When I walked around to the side of the house to the garage door, my clothes were thrown all over the yard. It looked like my father had taken my dresser drawers and just dumped them out. There were a couple of garbage bags nearby. I suppose that was my mother’s contribution.
I tried my key in the door, but it wouldn’t work. My father had changed the lock so that I couldn’t enter the house. Dejectedly, I turned and stuffed the small amount of clothing strewn over the yard into the trash bags. Once done, I threw them over my shoulder and headed off down the sidewalk. I didn’t have a clue where to go.
One thing was certain, I needed money. There was only one way I knew to make it. I hit the streets, and by midnight I’d been picked up by six guys. One was a regular who tipped me nicely. I now had $150 in my pocket. At least I’d be able to eat for the next week.
Finding someplace to sleep was a different problem. I had no where to go. I had no family in the area and no friends. I couldn’t stay at Ticker’s house. He came from a large family. There were three teenage boys in the home. The last thing they needed was another mouth to feed. Besides, if Ticker did ask me to stay, I’d probably refuse. I knew it would cause a problem with him and his family, and I didn’t want to come between them.
Sullivan Lake is cold at night. I’ve layered almost every article of clothes I own, and I’m still lying here shivering. A small breeze is blowing across the lake, and it’s almost unbearable. But where else am I going to go? If I stayed in the city, I’d have to sleep in an alley somewhere. I was sure to be beaten and robbed by morning.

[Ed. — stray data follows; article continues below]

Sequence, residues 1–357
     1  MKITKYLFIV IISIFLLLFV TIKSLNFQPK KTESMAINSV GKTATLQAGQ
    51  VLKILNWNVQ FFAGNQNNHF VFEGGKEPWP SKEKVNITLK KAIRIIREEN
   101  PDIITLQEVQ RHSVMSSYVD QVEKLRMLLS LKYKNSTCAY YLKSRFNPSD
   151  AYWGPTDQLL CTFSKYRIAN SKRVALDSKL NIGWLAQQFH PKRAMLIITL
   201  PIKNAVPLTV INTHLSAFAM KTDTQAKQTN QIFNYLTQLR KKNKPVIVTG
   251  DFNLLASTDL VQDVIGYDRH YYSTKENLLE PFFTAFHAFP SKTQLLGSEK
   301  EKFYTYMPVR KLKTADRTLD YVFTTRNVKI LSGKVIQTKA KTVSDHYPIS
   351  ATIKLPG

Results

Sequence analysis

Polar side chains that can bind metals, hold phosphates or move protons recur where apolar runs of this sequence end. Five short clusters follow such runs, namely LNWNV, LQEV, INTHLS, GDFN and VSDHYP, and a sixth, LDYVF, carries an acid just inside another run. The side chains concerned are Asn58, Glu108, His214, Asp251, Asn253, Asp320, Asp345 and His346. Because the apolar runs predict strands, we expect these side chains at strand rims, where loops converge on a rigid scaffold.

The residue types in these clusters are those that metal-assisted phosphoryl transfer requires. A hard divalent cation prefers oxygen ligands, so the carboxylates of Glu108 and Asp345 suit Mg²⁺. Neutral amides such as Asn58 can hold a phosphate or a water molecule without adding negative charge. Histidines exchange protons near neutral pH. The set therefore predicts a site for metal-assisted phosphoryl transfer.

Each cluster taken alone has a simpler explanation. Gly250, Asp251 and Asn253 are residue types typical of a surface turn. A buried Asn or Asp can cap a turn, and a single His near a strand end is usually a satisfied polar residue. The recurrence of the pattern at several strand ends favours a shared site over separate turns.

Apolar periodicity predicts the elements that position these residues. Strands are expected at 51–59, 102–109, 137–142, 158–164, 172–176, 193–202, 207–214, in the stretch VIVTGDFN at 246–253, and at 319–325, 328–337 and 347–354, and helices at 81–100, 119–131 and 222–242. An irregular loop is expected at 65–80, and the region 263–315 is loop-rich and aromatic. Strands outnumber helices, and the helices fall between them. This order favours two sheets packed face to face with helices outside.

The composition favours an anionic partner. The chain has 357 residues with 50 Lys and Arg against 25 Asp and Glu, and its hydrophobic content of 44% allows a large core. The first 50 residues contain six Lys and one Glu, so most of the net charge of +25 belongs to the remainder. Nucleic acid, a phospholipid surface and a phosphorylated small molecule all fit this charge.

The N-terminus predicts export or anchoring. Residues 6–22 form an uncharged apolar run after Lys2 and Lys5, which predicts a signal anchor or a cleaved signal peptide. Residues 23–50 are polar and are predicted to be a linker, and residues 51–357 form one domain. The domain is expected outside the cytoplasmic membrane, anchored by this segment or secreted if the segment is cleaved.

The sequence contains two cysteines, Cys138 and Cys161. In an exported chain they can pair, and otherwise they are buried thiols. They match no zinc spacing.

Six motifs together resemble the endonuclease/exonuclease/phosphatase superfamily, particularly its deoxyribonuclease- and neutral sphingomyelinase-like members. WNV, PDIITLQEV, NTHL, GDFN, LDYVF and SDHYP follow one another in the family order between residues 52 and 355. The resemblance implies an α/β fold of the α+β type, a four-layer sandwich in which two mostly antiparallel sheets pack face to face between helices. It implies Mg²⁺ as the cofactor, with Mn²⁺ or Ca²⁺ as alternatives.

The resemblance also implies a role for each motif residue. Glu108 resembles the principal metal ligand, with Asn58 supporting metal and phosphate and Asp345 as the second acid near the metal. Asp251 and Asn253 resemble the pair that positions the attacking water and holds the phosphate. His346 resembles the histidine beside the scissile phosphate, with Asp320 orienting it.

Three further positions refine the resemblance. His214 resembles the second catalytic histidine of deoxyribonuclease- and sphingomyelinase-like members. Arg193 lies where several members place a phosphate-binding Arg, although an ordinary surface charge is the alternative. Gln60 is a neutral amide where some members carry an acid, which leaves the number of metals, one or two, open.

I may be a street kid, but I don’t have a lot of street savvy. I can pick up a john and score some weed, but I don’t know how to defend myself. That was evident when Gene Albright wanted to kick my ass. A real street person would recognize my weakness immediately.
So I came out to the lake. At least I knew I’d be safe. Although I did lie awake most of the night because I wasn’t used to the strange noises that the outdoors produces. I kept hearing the leaves rustling around me, and I was worried that some stray animal would come suddenly upon me. And then there was that damn owl. He hooted in the tree over my head most of the night.
“You look like shit.” Billy Joe was the first person to notice me Monday morning when I entered school. Camille even wrinkled her nose when I approached. I was carrying my two bags of clothing, hoping I could cram them into my locker.
“I feel like shit,” I responded as I wandered off in the direction of my locker.
I tried to sleep during first period; however, Mrs. Vandyke, my physiology teacher, was lecturing. She had a habit of walking around the room and standing deliberately over students whom she thought weren’t paying attention. She seemed to be spending an unusually long time at my desk.
“Would Joey Carpenter report to the main office?” Everyone turned to look at me when the announcement was made over the PA system. I arose from my desk and hurried from the room. “His boyfriend is here to pick him up,” someone said loudly as the rest of the class started laughing.